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Michelle Johnson-Motoyama

Associate Professor
Primary office:
Twente Hall
Room 311


Michelle Johnson-Motoyama is an Associate Professor at the University of Kansas School of Social Welfare. She joined the University of Kansas faculty in 2011. 

Professor Johnson-Motoyama's scholarship focuses on preventing child maltreatment and addressing social disparities in child welfare and child health, with an emphasis on Latino populations. The adverse childhood experience of maltreatment is a social problem that has important implications for long term health, development, and socioeconomic well-being. Therefore, addressing problems of maltreatment in early childhood, and evaluating related prevention and intervention strategies, form a special focus of Professor Johnson-Motoyama's research. 

Professor Johnson-Motoyama has published several journal articles and book chapters in the field of child welfare, and she has served as a reviewer for leading professional and scientific journals including Child Maltreatment and Social Science & Medicine. She is currently a member of the editorial board of Children and Youth Services Review. Her scholarship has been supported by the Substance Abuse and Mental Health Services Administration in the U.S. Department of Health and Human Services, the National Institutes of Health, the Lois and Samuel Silberman Fund in the New York Community Trust and the Health Care Foundation of Greater Kansas City. 

Professor Johnson-Motoyama teaches graduate courses on program design, grantwriting, and evidence based practice.

Before joining the faculty at KU, Professor Johnson-Motoyama served on the faculty of the University of California, Los Angeles Luskin School of Public Affairs in the Department of Social Welfare from 2007-2011. She has served children and families in a variety of practice, policy, and administrative settings in Illinois and Hawaii.

 

Professor Johnson-Motoyama holds a Ph.D. in Social Welfare from the University of California, Berkeley where she received the Doctoral Fellows Award from the Society for Social Work and Research (SSWR) and the Jane B. Aron Fellowship in Health Policy and Practice from the National Association of Social Workers (NASW) Foundation. She has an M.S.W. in child welfare policy, planning, and administration from the University of Illinois at Urbana-Champaign, and a B.S. in communications, also from the University of Illinois at Urbana-Champaign.


Announcements
  • Dr. Gamze Kati Gumus defended her dissertation with honors on May 10, 2018. Congratulations, Dr. Kati Gumus!
  • KU-AUMI InterArts was recently featured by the Commons in a video on improving inclusive communities at KU. You can watch the video, which features our own Sherrie Tucker amongst other founders of the movement at KU, and learn more about AUMI here!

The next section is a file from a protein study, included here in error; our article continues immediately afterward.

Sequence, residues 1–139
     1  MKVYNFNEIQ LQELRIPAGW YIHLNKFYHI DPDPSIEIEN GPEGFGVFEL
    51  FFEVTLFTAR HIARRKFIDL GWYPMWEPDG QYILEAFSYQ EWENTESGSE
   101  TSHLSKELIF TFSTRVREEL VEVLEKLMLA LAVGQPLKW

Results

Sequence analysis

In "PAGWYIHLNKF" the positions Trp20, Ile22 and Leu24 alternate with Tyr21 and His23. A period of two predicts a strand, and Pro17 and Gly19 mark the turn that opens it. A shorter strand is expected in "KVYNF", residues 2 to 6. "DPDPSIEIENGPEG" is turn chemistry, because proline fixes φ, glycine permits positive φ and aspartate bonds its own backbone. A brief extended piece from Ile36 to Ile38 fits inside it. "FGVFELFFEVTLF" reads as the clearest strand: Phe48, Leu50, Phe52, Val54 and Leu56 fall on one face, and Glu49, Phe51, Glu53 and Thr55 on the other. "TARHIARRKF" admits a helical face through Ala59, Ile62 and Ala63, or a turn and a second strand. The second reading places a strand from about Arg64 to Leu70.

• Congratulations to Professor Robert Warrior on being elected to a member of the prestigious American Academy of Arts and Sciences.
  • This articlewritten by Ph.D. candidate Hannah Bailey, was published in the latest edition of Soundings: An Interdisciplinary Journal. Congratulations, Hannah!
  • We would like to recognize Patrick Sumner, 2005 alumni, for his work in this article about the defacement of the John Brown memorial in the Quindaro area of Kansas City, Kansas.
  • Congratulations to Dr. Jonathan Burrow-Branine for successfully defending his dissertation with honors January 25, 2018.
  • Please read this article about Professor Robert Warrior titled: Native scholar uncomfortably at home in American studies field.
  • Congratulations to Daniel Carey-Whalen, an alumni that was recently promoted as UTEP's Centennial Museum director.
  • Congratulations to Josh Parshall, an alumni who was recently featured in this article.
  • Congratulations to Christopher Perreira for receiving the National Academies Ford Foundation Postdoctoral Fellowship at the UCLA Chicano Studies Research Center for 2017-2018.
  • How a motion-tracking musical software is breaking down barriers for people with disabilities: click here to read more about the Adaptive Use Musical Instrument (AUMI), a one-of-a-kind piece of inclusive technology that promotes musical improvisation. The article recognizes Professor Sherrie Tucker, who started AUMI jam sessions and helped to bring the grant and symposium for it to Lawrence. Written by Omar Sanchez
  • Ph.D. candidate, Rachel Schwallerhas been awarded the Hall Center's Sias Fellowship for Spring 2018.  Congratulations, Rachel!
  • KU Special Education Department: With Ray Pence
  • Tribute Or Tribulation? How do we commemorate history? What is the best way to remember a conflicted and painful past? And who gets to decide? Listen here »
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